Go-ahead for live baiting
Chris BishopWEST NORFOLK & FENS: Angling's governing body has come out loud and proud in support of live baiting. Revelations that Natural England wants to ban the method sent shockwaves through predator angling circles.Chris Bishop
Angling's governing body has come out loud and proud in support of live baiting.
Revelations that Natural England wants to ban the method sent shockwaves through predator angling circles.
But in response, the Angling Trust has drawn a line in the sand as far as those who target pike and zander are concerned.
'Fish consume other animals as part, even all, of their diet,' it said. 'In seeking to offer baits which look and behave naturally, anglers may consider the use of live grubs, worms, crustacean or fish as bait.
'The use of live fish as bait is an established, legal and effective angling method in freshwater and the sea.
'The Angling Trust believes that the use of live fish as bait is a legitimate and traditional sporting method for catching various predatory species. The decision to employ this method or not is a matter of personal choice.'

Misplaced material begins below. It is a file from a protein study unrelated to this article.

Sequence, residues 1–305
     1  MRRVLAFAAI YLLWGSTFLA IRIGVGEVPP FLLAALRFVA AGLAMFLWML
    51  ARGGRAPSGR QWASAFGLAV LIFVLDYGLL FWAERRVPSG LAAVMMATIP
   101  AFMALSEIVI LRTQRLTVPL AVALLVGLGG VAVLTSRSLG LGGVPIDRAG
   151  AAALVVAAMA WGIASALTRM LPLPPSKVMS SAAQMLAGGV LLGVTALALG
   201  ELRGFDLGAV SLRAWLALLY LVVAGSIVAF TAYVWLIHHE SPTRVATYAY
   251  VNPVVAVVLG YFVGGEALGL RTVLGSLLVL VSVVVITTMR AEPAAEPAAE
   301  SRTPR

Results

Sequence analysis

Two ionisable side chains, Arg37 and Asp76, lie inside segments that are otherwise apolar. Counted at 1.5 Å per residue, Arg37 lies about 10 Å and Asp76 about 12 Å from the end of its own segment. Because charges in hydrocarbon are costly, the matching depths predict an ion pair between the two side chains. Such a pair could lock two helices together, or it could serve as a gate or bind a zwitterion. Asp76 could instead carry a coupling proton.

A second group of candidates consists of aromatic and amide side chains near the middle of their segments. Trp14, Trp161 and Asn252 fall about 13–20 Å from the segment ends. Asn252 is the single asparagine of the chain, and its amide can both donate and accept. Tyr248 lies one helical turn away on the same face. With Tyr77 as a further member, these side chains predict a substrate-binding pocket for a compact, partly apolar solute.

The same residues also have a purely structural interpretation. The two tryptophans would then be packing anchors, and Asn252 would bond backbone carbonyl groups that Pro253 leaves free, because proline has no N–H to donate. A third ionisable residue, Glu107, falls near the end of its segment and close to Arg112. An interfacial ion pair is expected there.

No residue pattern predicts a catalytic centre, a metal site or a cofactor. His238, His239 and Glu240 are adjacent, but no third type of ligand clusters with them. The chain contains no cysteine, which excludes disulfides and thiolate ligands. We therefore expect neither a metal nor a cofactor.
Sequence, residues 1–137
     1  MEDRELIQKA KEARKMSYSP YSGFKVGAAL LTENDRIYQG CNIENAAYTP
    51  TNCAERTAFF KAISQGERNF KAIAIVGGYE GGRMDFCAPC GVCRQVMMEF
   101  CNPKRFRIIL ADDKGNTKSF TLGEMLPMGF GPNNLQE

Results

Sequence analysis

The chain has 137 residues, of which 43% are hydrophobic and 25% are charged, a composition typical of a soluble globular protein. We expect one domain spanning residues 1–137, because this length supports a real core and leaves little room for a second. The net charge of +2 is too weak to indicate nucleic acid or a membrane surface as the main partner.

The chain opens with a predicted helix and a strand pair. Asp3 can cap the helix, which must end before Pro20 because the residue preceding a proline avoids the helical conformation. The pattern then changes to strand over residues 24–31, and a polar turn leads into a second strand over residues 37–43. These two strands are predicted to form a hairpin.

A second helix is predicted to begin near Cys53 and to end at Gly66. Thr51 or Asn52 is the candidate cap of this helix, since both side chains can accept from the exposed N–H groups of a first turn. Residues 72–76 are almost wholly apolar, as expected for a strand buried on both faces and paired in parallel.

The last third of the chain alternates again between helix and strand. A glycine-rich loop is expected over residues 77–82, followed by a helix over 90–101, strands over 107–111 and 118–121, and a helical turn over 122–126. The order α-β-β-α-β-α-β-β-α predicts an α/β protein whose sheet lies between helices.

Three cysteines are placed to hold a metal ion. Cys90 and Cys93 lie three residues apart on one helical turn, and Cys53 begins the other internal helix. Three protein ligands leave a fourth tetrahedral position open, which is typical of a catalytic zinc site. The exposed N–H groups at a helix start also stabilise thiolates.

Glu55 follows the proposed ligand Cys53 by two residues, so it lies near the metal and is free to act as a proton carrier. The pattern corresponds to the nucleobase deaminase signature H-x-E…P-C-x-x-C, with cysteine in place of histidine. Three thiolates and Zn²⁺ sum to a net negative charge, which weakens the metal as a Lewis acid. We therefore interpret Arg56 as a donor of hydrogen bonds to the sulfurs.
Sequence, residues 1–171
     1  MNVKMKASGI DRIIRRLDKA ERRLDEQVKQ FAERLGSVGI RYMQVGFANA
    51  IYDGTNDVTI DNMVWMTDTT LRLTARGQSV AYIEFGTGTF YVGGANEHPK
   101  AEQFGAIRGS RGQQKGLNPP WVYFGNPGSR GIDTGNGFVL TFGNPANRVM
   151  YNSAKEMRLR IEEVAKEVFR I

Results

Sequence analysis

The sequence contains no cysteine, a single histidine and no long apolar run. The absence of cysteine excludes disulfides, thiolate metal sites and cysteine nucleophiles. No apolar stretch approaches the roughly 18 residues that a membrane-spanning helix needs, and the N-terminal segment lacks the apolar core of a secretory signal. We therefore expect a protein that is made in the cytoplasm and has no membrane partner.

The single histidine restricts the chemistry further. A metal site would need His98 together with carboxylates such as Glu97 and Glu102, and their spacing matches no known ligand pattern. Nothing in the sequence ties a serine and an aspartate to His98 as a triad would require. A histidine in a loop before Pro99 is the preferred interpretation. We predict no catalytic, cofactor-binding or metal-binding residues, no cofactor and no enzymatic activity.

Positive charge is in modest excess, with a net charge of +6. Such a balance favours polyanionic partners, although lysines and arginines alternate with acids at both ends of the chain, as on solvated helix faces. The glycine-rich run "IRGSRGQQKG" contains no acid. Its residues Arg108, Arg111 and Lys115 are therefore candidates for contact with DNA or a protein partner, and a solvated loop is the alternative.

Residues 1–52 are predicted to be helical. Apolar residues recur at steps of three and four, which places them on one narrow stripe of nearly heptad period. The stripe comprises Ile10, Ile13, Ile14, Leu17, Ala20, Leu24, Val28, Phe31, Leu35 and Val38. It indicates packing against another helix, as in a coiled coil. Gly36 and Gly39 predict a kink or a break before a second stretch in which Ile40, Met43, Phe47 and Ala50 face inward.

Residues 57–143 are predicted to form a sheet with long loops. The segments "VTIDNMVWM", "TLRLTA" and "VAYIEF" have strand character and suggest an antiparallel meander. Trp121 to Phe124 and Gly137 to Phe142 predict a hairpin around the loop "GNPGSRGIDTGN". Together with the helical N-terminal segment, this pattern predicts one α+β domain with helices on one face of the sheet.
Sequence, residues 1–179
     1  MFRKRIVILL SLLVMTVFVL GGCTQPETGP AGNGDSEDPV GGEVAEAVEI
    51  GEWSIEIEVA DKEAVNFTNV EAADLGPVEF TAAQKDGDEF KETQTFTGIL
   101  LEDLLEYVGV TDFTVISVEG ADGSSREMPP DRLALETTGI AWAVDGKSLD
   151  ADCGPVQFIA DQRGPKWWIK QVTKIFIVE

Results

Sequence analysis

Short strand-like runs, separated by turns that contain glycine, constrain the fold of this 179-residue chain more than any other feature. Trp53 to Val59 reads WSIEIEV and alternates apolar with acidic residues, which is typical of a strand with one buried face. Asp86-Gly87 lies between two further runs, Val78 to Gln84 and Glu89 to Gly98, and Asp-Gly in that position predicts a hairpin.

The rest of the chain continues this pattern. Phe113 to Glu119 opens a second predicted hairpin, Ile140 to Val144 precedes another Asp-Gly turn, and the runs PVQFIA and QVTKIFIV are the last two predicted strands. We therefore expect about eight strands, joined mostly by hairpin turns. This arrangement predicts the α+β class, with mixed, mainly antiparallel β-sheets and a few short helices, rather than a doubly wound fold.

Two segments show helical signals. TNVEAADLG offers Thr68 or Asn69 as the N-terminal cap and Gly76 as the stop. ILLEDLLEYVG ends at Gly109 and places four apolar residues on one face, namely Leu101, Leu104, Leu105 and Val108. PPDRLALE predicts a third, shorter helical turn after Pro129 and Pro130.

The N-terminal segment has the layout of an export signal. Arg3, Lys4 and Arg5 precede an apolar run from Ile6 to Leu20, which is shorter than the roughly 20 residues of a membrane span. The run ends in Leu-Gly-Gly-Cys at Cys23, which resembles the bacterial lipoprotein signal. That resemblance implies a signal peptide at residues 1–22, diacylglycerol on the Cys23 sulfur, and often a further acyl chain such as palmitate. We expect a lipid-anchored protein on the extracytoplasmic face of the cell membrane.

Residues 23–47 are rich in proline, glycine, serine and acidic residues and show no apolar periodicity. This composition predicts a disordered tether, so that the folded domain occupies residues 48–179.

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Trust officials say banning the method in order to stop illegal fish transfers is 'ill conceived', with the majority of bait being caught from the water fished.
The argument is even weaker in the Fens, where most waters are connected and fish can and do migrate long distances of their own accord, or the Broadland river systems.
The trust has this to say regarding rivers: 'In general anglers may transfer livebaits between adjacent stretches of the same river, providing that this does not involve carrying them in a vehicle.
Anglers should not move live baits further than they might walk during the course of a day's fishing.'
Stillwaters are ticking over nicely. Shepherd's Port remains pick of the bunch, with Shepherd's Lake producing bream and tench nets.
Crucians have also been showing from pegs 5-11, with punched bread the best way to lure one of these shy-biting little scrappers.
Once a fixture of nearly every farm pond and estate lake, numbers seem to have nose-dived over the last decade.
Springside is still dishing up some decent bream catches, with overcast, breezy days the best.
Classic bream tactics - ball it in and feed to bites - seem to work best, with corn the best hookbait.